With 4 extra days, school absenteeism soars

June 22, 1993|By Anne Haddad | Anne Haddad,Staff Writer

When the school year started, no one expected to be in class this week.

And, many students are not.

Absentee rates hovered around 20 percent yesterday for some schools in Carroll County, although many of the absent students had legitimate excuses and made up their work ahead of time, principals said.

When the school calendar for 1992-1993 was announced last spring, schools were scheduled to close June 18.

Because of more snow days than county school officials had bargained for, everyone but the seniors who graduated over the weekend was supposed to make up an extra four days this week to meet the state-required 180 days of instruction. Carroll schools will close Thursday.

When the calendar adjustment was made in April, many families already had booked vacations for this week. Those students are excused but had to make up the work and take exams ahead of time, principals said.

This week's work will count toward fourth-quarter grades, they said.

Other students planned to attend Boys State and Girls State conventions sponsored by the American Legion. Still others had Future Farmers of America conventions. And music camps. And church camps. And plain old summer camps.

Middle schools and elementary schools seemed to fare a little better, with absentee rates of 10 percent to 18 percent, based on calls to a sampling of schools. Edwin Davis, director of pupil services, said he had no countywide figures.

New Windsor Middle School had 10 percent absent, said Principal Jeffrey Kimball, compared with a typical 6 percent to 7 percent.

"There was a field trip for eighth-graders -- we had almost 100 percent attendance in eighth grade," Mr. Kimball said.

Carrolltowne Elementary had 13 percent absent, compared with 3 to 4 percent at midyear, said Principal Nancy Chapin.

Though many absences were prearranged, some were not.

"I can understand if parents made plans for vacations," Ms. Chapin said. But parents who allowed their children to stay home because they just didn't want to go to school are setting a bad example and bad precedent, she said.

"Parents go to work whether they like it or not," she said. "I'm bothered because I think it's important for parents to relay to the children that this is a commitment, whether they like it or not."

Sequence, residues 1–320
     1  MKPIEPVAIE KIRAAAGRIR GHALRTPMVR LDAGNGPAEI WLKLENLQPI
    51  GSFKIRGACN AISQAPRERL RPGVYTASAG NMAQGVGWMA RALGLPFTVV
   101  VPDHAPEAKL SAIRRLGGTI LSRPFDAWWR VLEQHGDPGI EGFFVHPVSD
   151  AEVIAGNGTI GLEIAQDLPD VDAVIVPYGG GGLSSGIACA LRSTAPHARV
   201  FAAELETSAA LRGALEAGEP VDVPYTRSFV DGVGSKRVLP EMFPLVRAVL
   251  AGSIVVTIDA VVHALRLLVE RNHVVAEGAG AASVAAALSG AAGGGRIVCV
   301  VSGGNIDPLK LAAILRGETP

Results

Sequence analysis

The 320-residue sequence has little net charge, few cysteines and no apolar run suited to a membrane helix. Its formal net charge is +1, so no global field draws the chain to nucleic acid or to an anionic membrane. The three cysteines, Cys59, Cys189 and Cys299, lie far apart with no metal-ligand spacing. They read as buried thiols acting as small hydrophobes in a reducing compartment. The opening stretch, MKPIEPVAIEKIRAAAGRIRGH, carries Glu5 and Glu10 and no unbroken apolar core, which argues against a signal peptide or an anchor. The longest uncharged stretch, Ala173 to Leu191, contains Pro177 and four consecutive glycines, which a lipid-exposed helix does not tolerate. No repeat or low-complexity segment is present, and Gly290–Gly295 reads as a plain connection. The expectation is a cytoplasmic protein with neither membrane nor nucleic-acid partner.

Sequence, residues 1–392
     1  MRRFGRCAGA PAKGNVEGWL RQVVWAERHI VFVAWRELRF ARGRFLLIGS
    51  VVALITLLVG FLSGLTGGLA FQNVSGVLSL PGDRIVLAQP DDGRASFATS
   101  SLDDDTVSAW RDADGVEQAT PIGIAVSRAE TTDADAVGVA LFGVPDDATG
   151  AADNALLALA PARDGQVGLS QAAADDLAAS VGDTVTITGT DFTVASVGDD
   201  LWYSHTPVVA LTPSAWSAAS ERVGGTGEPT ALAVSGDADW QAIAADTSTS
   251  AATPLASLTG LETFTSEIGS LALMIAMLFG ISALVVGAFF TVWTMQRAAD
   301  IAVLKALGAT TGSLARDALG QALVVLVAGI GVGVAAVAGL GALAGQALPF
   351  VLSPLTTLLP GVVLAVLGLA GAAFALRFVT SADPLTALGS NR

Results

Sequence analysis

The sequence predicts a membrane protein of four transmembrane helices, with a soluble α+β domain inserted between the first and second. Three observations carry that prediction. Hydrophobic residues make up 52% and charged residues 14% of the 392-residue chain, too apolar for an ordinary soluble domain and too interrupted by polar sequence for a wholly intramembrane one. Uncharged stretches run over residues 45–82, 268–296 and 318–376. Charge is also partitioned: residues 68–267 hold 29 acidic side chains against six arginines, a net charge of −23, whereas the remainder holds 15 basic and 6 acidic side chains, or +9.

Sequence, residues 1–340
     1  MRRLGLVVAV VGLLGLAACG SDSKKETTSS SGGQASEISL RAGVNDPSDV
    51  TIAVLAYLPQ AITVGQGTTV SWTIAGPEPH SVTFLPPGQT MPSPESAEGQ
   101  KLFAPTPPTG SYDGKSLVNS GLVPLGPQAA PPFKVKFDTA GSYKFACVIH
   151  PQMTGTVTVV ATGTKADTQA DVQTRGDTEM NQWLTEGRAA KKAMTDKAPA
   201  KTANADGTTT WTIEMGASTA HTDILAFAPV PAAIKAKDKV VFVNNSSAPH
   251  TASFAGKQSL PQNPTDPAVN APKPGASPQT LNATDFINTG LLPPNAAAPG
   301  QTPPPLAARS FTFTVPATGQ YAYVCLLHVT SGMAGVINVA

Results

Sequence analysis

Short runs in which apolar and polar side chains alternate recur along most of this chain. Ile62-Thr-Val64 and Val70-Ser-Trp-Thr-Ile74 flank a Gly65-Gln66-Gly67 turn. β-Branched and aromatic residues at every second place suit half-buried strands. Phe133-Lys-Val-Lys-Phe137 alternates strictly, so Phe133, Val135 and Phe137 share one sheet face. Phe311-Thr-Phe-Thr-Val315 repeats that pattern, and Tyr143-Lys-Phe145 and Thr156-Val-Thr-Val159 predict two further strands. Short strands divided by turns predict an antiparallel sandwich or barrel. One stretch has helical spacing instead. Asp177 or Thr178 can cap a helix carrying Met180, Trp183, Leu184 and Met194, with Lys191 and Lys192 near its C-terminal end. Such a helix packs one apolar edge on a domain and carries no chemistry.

She said teachers have tried to make the last week as fun as it is educational, with math carnivals, paired reading activities and storytelling. "I haven't seen a video yet," she said.

At Westminster High School, about 18 percent of the students were absent yesterday, compared with an average of about 6 percent the rest of the year, said Principal Sherri-Le Bream.

Attendance was "down as bad as I thought it would be, to tell you the truth," she said.

Ms. Bream said she had no figures for the number of excused absences but that she was sure most were pre-approved family vacations, conventions, college seminars and other activities.

At Francis Scott Key High School, Principal George Phillips said that of the 23 percent of students who were absent yesterday, about one-third had been excused.

As for the rest, "we'll see what the notes say when they come in" today, Mr. Phillips said.

Students caught skipping school will be disciplined as usual, according to whether or how often they have done it before, said Mr. Phillips and other high school administrators. Punishments range from detentions to suspensions, and include Saturday school. However, the last Saturday school session for the year was three days ago.

Al Abbott, assistant principal at North Carroll High School, said a truant student caught this week might be sent to Saturday school next fall.

PD Mr. Abbott was vague on the exact absentee rate but said it was

about 10 percent higher than usual.

At South Carroll High, the rate was 11 percent, with more than half of the absentees gone for prearranged, excused activities, said Carol Swomley, assistant principal.

"We have two exams yet today," she said yesterday.

Liberty High School had about 30 percent of its students out, compared with a typical 5.5 percent, said Assistant Principal Robert Bowden. He said most were excused.

Some principals said last-week attendance is always a little lower than during the rest of the year.

Charles Carroll Elementary had 18 percent absent, compared with an average of 8 to 10 percent for the end of the year, said Principal Robert Bruce.

"It's sort of like a time-release capsule with the end of the year, no matter when it ends," he said. "There've been some kids winding down since June 1."

Sandymount Elementary had 16 percent absent, compared with about 8 percent at midyear, said secretary Jeanne Fink.

Winfield Elementary had 11 percent absent, compared with about 3 percent at midyear, said Principal Raymond Mathias.

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